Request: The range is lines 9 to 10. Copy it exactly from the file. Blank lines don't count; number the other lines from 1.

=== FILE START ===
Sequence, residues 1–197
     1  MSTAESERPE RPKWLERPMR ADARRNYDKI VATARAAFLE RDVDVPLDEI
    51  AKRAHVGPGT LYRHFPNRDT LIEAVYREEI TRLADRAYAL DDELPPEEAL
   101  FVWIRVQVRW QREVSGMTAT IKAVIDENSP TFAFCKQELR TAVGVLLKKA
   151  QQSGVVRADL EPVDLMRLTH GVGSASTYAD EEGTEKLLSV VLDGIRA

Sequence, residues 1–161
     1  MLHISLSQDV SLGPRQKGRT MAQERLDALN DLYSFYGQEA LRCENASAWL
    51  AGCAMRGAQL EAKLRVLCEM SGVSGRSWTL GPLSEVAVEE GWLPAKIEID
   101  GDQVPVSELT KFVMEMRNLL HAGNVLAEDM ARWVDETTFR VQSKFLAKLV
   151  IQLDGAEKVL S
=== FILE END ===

   101  GDQVPVSELT KFVMEMRNLL HAGNVLAEDM ARWVDETTFR VQSKFLAKLV
   151  IQLDGAEKVL S